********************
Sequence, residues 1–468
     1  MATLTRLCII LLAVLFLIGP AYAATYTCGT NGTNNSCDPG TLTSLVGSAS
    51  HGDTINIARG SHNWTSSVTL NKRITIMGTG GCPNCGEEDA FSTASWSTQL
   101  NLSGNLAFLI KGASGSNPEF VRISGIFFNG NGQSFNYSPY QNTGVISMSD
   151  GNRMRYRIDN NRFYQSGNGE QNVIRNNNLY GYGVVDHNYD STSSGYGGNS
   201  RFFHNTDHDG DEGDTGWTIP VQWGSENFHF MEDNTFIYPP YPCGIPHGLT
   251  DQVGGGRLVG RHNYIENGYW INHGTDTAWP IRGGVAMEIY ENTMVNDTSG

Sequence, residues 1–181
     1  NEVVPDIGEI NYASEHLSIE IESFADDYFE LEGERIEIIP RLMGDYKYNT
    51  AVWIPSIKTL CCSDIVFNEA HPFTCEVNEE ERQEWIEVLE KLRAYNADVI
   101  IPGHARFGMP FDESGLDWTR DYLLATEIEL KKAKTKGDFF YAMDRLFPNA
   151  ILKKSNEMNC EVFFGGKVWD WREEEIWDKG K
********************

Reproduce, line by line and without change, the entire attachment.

Sequence, residues 1–468
     1  MATLTRLCII LLAVLFLIGP AYAATYTCGT NGTNNSCDPG TLTSLVGSAS
    51  HGDTINIARG SHNWTSSVTL NKRITIMGTG GCPNCGEEDA FSTASWSTQL
   101  NLSGNLAFLI KGASGSNPEF VRISGIFFNG NGQSFNYSPY QNTGVISMSD
   151  GNRMRYRIDN NRFYQSGNGE QNVIRNNNLY GYGVVDHNYD STSSGYGGNS
   201  RFFHNTDHDG DEGDTGWTIP VQWGSENFHF MEDNTFIYPP YPCGIPHGLT
   251  DQVGGGRLVG RHNYIENGYW INHGTDTAWP IRGGVAMEIY ENTMVNDTSG

Sequence, residues 1–181
     1  NEVVPDIGEI NYASEHLSIE IESFADDYFE LEGERIEIIP RLMGDYKYNT
    51  AVWIPSIKTL CCSDIVFNEA HPFTCEVNEE ERQEWIEVLE KLRAYNADVI
   101  IPGHARFGMP FDESGLDWTR DYLLATEIEL KKAKTKGDFF YAMDRLFPNA
   151  ILKKSNEMNC EVFFGGKVWD WREEEIWDKG K